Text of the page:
Prayer Focus

Warriors of Virtue

Reviewed by: Dale Mason

Moral Rating: Average
Moviemaking Quality:

Primary Audience: Ages 10-15
Style: Fantasy Adventure
Length: 90 min.
MPAA Rating: PG

(Starring: Angus Macfadyen, Mario Yedidia, Marley Shelton / Director: Ronny Yu / Released by: Metro-Goldwyn-Mayer)

If you’re still into comic book fantasy, but too old to admit that you like watching the “Power Rangers” on Saturday mornings, this movie was created for you! It is targeted at gradeschoolers and early jr. high kids, especially action-loving boys. Unfortunately, it will appeal to most young children.

In a strange mix of normal drama, “Star Wars” style creatures, and “Power Rangers” comradery, “Warriors of Virtue” is unique. It combines special visual effects, humorous tension, eastern/Hindu-like religious elements and a couple of special relationships (mother/son and girl/boy) to communicate its central message: preserve life, don’t take it. Unfortunately, that nice sounding message is all but lost amid the myriad martial arts fight scenes.

In a nutshell, the story is this: Ryan, a pubescent latchkey child who literally limps through life with a painfully obvious leg brace, is starved for the attention and acceptance of his peers. He succumbs to peer pressure and accepts a stupid/dangerous dare from a popular bully. The dare is spitefully designed both to humiliate and initiate him into a suburban “gang”, but something goes wrong and Ryan finds himself transported to another world. He emerges in a beautiful swamp in the land of Tao. He soon learns that an evil tyrant in this mystical world is selfishly using up all the energy from the “life springs” in order to keep himself young. Only one lifespring remains, putting the survival of the world in doubt. Young Ryan eventually overcomes all odds with the help of a Star Wars-type Obi-Wan character and 5 kangaroo-looking, “kung-foo” fighting good guys (the Warriors of Virtue), plus an all-important ancient manuscript.

“Warriors of Virtue” falls short in the virtue department, and in most other departments as well. Yes, the costuming is elaborate and top-notch, and the martial arts fight scenes are enjoyable to youngsters. But the weak story and poor exhibition of true virtue will sweep this movie into discount theaters and low-price video release very quickly.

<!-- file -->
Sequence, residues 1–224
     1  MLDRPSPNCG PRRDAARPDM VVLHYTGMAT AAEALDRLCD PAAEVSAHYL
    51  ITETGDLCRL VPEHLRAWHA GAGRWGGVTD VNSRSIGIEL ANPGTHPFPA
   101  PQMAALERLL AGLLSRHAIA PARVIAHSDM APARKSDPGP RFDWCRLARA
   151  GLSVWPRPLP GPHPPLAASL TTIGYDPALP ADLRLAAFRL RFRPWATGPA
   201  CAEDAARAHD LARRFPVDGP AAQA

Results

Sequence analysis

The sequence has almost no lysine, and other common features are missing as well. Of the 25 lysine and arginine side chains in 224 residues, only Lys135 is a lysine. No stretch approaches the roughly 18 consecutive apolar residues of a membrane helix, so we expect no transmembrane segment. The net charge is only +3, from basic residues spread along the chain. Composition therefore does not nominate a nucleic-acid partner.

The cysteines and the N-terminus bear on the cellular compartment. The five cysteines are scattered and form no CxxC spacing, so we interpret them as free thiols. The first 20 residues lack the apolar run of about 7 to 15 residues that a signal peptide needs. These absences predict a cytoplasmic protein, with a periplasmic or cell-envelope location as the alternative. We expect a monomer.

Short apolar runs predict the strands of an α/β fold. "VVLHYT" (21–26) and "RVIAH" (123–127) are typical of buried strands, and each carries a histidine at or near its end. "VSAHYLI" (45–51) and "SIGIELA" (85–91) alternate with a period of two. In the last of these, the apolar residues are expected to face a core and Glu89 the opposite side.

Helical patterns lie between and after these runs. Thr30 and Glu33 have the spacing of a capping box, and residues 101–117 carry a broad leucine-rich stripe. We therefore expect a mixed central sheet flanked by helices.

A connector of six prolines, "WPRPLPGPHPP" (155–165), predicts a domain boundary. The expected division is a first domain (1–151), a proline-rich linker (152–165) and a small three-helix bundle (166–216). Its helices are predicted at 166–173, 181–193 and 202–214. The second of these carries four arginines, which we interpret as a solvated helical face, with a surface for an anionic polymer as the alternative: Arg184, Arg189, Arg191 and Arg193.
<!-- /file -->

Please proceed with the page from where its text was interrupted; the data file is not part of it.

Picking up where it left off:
Because most parents probably will not pre-screen a movie such as this, but are likely to allow their children to view it, here are some words and expletive terms that you may hear your children repeating more frequently: fart, woosey (2x), God!, sucker, Sh*t happens (4x), A*s, go to hell.

Year of Release—1997

Viewer Comments

I read the review of the movie and the child’s comment. Although I do think there were a few words that could have been left out, I am not so niave as to think my children don’t hear those words and much worse at school. …the young man was not correct in his thought that this movie supports Toaism any more than “The Razor’s Edge” supported Buddism or “The Little Mermaid” supports Greek Mythology as a way of life. I think “Warriors of Virtue” is one of the better family movies I have seen this year. Our children are subjected to so much violence and gore in movies that the message “If you take a life you lose part of yourself” was refreshing to hear. Yes, there were fight scenes, but the story is about good battling evil and through team work winning out. As Christians don’t we preach the same message??? We must fight against evil and if we pull together no evil can defeat us.
D. Blailock
Are you in the mood for a movie version of a fantasy comic book? Then this is the movie for you! The plot is like somebody’s drug-induced hallucination following a night of Jackie Chan and Star Wars video viewing. I became much more interested in the salt-content at the bottom of my popcorn container than the life of this movie’s hero cheesy hero. Here’s some free advice: Save your money and your sanity; forget the “World of Tao” and enter the “World of Jordan” this week during the NBA playoffs! you’ll thank me… I promise.
Jim Ost, age 31
I was somewhat interested in this (I usually prefer medieval fantasies to ninja flicks, though) untill I heard it supported the Tao religion
Michael C., age 15